Though the need for increased transparency in financial transactions may be seemingly obvious post 2008, transparency is still lacking in many other facets of society as well. Take today’s social media environment as an example. The current digital landscape is fraught with data silos and controlled by large, centralized platforms, like Facebook, YouTube, and Twitter, that hold the keys to the proverbial digital kingdom. In this case, “kingdom” means sovereignty over troves of data, and these centralized entities make billions by offering access to this data for a price. Advertisers will pay handsomely for any information that will enable better targeting to consumers, selling more product, and, ultimately, generating greater ROI. A few vital players miss out on this access and subsequent economic rewards: content creators and users. The solution that my team at Contentos and others are interested in exploring, is using Blockchain technology to endow these participants with more control over the ways their data is exploited.To put it simply, instead of personal data being collected by tech giants and sold to the highest bidders, users could have autonomy to determine whether to make their data available and at what price.
Another aspect of the current media ecosystem suffering a scarcity of transparency is the pricing structures that formulate the relationship between advertisers and content creators. It’s not easy for YouTubers to decipher the percentage of income earned by hosting ads on their channels. Such payouts are determined by algorithms whose inner machinations are hidden from the average user’s eye.
One blogger breaks down YouTube’s ad rate calculations as follows:
“YouTube counts impressions (when a viewer clicks on or watches your ads) and for every 1,000 impression, you’ll get roughly $7.50. The problem is how the impression are counted, as it is really dependent on how engaged your audiences are. If a viewer decides to skip through the ads or use an ad-blocker, then you won’t get paid for the view. Because of that, high views doesn’t necessarily translate to a well-earning video. A video with 10,000 views might only have 3,000 thousand impressions, which roughly translates to only $22.50.”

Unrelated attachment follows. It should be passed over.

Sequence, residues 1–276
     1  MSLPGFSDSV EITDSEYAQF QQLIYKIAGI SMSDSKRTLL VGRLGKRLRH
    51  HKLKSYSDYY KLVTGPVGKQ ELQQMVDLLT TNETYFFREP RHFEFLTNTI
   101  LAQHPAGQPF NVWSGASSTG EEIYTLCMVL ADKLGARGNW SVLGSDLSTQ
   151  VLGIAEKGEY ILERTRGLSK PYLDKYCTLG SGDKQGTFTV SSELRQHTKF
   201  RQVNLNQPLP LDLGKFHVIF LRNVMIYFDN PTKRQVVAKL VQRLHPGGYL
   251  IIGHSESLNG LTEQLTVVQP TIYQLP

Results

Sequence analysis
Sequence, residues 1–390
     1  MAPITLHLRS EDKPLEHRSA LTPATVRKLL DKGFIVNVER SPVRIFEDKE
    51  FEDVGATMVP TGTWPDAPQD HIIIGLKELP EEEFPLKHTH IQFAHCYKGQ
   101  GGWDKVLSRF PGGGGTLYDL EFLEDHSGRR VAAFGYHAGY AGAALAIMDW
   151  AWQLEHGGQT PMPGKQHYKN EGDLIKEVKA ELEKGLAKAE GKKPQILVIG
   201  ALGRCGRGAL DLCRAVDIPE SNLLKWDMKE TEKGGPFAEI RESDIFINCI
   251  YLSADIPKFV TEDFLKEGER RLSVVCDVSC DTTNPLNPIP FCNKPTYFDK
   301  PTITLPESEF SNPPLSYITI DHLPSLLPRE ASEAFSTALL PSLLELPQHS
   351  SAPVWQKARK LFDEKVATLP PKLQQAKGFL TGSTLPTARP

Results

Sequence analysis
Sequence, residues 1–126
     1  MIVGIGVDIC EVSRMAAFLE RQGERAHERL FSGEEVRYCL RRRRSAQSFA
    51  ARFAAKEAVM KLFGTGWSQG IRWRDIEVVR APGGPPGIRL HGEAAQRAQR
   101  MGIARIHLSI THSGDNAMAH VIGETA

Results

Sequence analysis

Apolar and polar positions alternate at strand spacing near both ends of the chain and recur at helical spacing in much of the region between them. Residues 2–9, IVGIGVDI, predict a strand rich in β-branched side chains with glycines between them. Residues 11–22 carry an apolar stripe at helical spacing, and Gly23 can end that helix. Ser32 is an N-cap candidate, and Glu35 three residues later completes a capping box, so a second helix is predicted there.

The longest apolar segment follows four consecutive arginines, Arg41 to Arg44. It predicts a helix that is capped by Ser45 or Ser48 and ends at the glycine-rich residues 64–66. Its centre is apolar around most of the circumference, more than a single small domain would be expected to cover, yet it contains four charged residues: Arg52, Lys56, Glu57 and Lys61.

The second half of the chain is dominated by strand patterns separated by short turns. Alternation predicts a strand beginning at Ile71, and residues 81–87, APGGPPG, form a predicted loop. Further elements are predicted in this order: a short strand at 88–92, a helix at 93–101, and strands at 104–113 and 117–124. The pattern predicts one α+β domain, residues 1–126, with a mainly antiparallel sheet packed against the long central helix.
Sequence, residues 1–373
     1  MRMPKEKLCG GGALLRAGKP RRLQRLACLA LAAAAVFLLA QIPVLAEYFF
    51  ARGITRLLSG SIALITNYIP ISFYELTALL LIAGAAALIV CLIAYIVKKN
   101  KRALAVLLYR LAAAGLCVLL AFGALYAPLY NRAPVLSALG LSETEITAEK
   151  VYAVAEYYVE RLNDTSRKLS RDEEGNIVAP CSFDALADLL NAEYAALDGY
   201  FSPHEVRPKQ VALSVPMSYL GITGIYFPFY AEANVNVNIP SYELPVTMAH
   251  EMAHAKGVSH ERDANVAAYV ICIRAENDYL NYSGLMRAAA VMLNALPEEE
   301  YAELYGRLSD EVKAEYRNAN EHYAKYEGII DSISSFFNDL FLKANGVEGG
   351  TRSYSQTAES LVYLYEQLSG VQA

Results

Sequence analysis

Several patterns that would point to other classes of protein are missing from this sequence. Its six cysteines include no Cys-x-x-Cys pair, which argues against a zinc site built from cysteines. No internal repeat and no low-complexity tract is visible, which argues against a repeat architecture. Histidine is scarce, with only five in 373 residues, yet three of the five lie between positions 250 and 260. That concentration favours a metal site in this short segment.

A given YouTuber’s revenue is incredibly troublesome to calculate because the content creator lacks access to the information held by the platform. This dynamic disempowers the creator while endowing YouTube with all the power (in the form of data). We haven’t seen the equivalent of labor unions fighting YouTube for more fair algorithms, in part because the factors determining income are so ambiguous that it would be difficult to challenge. Our goal in building the Contentos protocol is to ensure more information is available to creators, allowing them to make their own financial and creative decisions in the media ecosystem.
By increasing transparency, whether in the realms of finance or media, we empower people with the information they need to make decisions that benefit themselves and that of the greater community, as opposed to closed-door systems that are constructed to benefit those with access to data, information, and value at the expense of everyone else. Blockchain is the ideal technology to use in injecting greater transparency into systems because of its capabilities for recording every transaction on an immutable ledger while allowing users to retain a level of pseudonymity that does not infringe upon their rights to privacy.